Ask a Question forum: How to kill a tree without digging it up?

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Sep 28, 2016 12:56 PM CST
There is a maple tree growing next to my house behind a large rose bush. I need to kill it so it does not ruin the foundation of my house.
Name: Daisy I
Reno, Nv (Zone 6b)
Not all who wander are lost
Garden Sages Plant Identifier
Sep 28, 2016 1:50 PM CST

How much time do you have?

You can girdle the tree close to the ground - that will disrupt the flow of nutrients up and down and the tree will die. You can hurry that process up by painting the trunk where you removed the bark with full strength brush killer.

But I would think that eventually, you would want to cut the tree down. You can cut the tree down and treat the stump with brush and stump killer (full strength). You want to coat the bark and the area just inside the bark. You don't need to paint the inner part of the tree stump as that part of the tree just holds the whole thing up.
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Name: Elaine
Sarasota, Fl
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Sep 29, 2016 10:20 AM CST
I agree Unless you want a dead tree next to your house for the next few years, until it decides to keel over (maybe onto your house!) you really do need to cut it down first.

Then do as Daisy suggests and paint the stump rim to keep it from putting up suckers - you may need to repeat the application of the brush and stump killer next spring, as the tree might be already going dormant now.

"Success is stumbling from failure to failure with no loss of enthusiasm." –Winston Churchill
springfield MO area (Zone 6a)
I was one of the first 300 contributors to the plant database! Plant Identifier
Sep 29, 2016 10:27 AM CST
just saw around it -all the way around into the soft wood just under the bark. It will take a while for it to die. It will have to come out or it will eventually land on your house-or invite termites as it rots.
Name: Porkpal
Richmond, TX
Charter ATP Member I was one of the first 300 contributors to the plant database! Keeper of Poultry Farmer Roses Raises cows
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Sep 29, 2016 1:54 PM CST
Its absence may also affect your foundation when the root mass rots and leaves a void.
Name: Philip Becker
Fresno California (Zone 8a)
Sep 29, 2016 2:32 PM CST
best to cut tree down 1st. Low as can be. Then buy some stump killer. Its a powder that comes in a cardboard can. Follow directions and it works!!! And Hopefully.all the roots that may want to send up sprouts. If any suckers come up. Dig to root.drill holes in root. Not through root. And pour straight round up type product in holes.
Dont do this if edible plants are close by. 😬

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springfield MO area (Zone 6a)
I was one of the first 300 contributors to the plant database! Plant Identifier
Sep 29, 2016 4:04 PM CST
well we don't know how big the tree is?
Name: greene
Savannah, GA (Sunset 28) (Zone 8b)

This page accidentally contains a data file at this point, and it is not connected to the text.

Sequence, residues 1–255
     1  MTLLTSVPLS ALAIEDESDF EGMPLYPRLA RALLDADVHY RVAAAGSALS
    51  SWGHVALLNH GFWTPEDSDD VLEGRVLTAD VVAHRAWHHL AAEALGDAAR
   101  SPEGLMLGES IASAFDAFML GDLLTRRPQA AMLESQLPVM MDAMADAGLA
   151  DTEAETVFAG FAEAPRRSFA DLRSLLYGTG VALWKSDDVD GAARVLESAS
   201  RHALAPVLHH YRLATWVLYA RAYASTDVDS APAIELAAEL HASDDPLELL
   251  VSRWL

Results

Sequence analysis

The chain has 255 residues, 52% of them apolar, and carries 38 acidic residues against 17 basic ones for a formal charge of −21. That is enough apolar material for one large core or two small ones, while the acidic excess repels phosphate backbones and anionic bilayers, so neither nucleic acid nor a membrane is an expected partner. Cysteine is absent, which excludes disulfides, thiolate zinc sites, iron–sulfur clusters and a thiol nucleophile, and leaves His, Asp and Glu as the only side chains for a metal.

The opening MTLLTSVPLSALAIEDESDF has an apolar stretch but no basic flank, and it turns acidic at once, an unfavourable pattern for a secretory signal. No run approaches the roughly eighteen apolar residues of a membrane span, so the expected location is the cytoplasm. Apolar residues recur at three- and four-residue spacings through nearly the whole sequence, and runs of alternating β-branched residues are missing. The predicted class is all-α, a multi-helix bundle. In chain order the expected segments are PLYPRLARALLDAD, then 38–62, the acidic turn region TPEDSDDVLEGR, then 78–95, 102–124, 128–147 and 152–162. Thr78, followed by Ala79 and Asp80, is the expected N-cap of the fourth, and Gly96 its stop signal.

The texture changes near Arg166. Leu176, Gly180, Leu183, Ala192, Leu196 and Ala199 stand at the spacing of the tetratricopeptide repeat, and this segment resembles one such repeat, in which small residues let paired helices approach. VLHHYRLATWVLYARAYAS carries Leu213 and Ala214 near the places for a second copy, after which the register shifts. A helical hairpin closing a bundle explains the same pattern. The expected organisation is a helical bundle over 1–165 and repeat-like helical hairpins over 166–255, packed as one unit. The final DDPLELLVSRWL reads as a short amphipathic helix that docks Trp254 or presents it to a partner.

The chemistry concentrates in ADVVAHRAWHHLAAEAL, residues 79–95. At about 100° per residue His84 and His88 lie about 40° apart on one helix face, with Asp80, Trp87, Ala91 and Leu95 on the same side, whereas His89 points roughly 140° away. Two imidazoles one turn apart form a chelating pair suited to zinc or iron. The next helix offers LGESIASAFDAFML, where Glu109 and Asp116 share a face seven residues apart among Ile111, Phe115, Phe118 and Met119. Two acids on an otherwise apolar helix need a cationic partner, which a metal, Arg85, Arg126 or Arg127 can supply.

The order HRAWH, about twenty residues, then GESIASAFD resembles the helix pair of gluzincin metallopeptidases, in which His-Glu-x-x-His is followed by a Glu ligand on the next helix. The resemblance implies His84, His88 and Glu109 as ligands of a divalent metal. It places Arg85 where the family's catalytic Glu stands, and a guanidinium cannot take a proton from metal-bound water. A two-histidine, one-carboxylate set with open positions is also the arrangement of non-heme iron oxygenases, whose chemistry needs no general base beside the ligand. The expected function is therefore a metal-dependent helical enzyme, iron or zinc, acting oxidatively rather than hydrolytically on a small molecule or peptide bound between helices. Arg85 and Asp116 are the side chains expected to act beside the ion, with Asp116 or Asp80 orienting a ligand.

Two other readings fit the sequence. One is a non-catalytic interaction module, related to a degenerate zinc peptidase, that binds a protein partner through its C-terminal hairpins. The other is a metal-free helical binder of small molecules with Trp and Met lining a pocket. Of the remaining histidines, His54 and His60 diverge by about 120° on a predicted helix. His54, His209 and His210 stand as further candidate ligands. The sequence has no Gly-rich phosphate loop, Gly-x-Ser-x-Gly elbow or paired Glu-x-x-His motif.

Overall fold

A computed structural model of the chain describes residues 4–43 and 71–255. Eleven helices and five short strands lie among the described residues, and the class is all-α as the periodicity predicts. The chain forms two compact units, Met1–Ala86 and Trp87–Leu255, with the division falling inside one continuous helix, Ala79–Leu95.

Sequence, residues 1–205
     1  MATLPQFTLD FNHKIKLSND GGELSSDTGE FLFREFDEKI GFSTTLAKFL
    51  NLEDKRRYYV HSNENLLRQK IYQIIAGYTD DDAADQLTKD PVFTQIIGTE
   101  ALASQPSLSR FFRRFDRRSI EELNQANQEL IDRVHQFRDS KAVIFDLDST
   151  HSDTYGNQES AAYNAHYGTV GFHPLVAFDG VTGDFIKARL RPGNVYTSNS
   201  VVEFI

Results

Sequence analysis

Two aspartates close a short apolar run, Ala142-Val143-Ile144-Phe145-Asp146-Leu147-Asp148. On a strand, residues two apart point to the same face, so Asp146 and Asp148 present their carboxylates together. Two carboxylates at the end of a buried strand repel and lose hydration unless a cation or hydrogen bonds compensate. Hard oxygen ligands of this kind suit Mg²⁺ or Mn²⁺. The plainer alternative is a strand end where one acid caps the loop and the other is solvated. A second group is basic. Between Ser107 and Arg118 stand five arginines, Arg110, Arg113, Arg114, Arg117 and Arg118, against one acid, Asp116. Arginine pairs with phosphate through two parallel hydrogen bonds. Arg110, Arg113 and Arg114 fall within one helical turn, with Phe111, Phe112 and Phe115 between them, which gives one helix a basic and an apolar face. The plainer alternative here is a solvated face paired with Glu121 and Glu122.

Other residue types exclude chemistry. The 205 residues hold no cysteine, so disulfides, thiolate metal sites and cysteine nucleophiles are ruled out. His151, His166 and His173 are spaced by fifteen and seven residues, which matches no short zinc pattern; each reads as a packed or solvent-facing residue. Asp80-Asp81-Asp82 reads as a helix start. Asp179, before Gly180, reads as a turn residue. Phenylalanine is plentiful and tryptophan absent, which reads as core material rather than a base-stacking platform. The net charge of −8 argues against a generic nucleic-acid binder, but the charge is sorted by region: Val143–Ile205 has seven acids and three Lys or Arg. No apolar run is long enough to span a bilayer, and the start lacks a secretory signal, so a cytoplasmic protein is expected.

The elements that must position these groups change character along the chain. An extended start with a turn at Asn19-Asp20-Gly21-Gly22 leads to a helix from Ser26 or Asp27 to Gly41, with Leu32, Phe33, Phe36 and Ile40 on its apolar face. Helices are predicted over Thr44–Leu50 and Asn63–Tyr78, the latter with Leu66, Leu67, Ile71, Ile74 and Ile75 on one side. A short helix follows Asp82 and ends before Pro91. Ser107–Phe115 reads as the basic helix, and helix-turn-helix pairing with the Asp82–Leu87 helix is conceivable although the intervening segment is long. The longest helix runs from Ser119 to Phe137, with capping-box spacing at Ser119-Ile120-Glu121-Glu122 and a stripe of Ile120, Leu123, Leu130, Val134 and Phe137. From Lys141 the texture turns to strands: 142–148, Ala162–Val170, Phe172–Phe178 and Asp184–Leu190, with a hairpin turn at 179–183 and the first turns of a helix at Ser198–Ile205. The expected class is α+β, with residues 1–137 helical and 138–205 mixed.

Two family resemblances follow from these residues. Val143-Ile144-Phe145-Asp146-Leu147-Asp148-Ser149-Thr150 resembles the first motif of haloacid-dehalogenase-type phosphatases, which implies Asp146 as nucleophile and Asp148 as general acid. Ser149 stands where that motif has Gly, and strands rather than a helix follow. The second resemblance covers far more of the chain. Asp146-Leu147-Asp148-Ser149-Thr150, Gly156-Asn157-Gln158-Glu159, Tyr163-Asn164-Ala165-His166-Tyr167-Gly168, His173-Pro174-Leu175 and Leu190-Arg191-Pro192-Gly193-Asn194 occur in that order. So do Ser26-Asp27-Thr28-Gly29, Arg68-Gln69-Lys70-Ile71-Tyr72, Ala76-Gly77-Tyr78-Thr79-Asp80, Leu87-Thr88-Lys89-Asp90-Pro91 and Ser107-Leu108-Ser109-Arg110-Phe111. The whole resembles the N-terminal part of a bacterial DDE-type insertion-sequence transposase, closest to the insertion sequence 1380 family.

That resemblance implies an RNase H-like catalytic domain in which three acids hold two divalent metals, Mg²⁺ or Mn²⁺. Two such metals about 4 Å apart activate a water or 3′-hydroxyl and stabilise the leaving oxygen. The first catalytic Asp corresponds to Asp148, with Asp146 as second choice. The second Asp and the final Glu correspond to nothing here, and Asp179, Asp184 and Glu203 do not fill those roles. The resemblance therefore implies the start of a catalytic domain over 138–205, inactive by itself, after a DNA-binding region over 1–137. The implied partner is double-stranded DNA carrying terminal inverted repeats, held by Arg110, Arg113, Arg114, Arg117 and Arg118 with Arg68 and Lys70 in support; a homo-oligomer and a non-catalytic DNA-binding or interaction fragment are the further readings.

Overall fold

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Sep 29, 2016 4:24 PM CST
Yes, please, what size is the tree? Diameter of the main trunk? Height of the tree? That would help to know if it would require a professional tree removal service or if you can take it down yourself. I usually take down trees by myself or with one helper to hold the rope but once I paid $900 for a really large oak tree in a precarious location. Better to have a professional tree service with insurance for a big job.

No matter what size the tree is, it is easier to cut fresh wood than to cut dead wood. Also, the dead tree is a hazard to persons and property. Best to cut the tree down while it is alive.
Sunset Zone 28, AHS Heat Zone 9, USDA zone 8b~"Leaf of Faith"
Name: Kat
Magnolia, Tx (Zone 8b)
Sep 30, 2016 2:00 PM CST
As several have noted above, a slowly dying tree is as bad as a growing one. It isn't just the top part you affect- it's also roots which can be heaving your foundation up, or will cause a cave in when gone. As a tree dies, it can drop limbs - or rather branches. Roundup brush killer and salt are both used to kill stumps by applying into drilled holes. Roundup stays in the ground so care must be taken. You didn't indicate the size of the tree, but removal of smaller limbs can damage rooftops just as limb drop can. So, costs must be evaluated in case of worst case scenarios. Good luck
Name: Laurie b
Western Washington (Zone 7b)
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Sep 30, 2016 11:00 PM CST
If your tree is at a safe distance, Philip's advice will work. I have done almost exactly what @Philipwonal described for you. I used stump remover powder, drilled a ton of holes as deep as I could get them in the stump, and filled with the remover. The Roundup in roots if suckers pop up is an excellent suggestion I wish I had thought of. Over the winter, I kept the stump constantly wet, to encourage the stump to rot a bit. I replaced the stump powder a few times too. With a bit of whacking away with a big awl, we removed it without breaking our backs. Good Luck!

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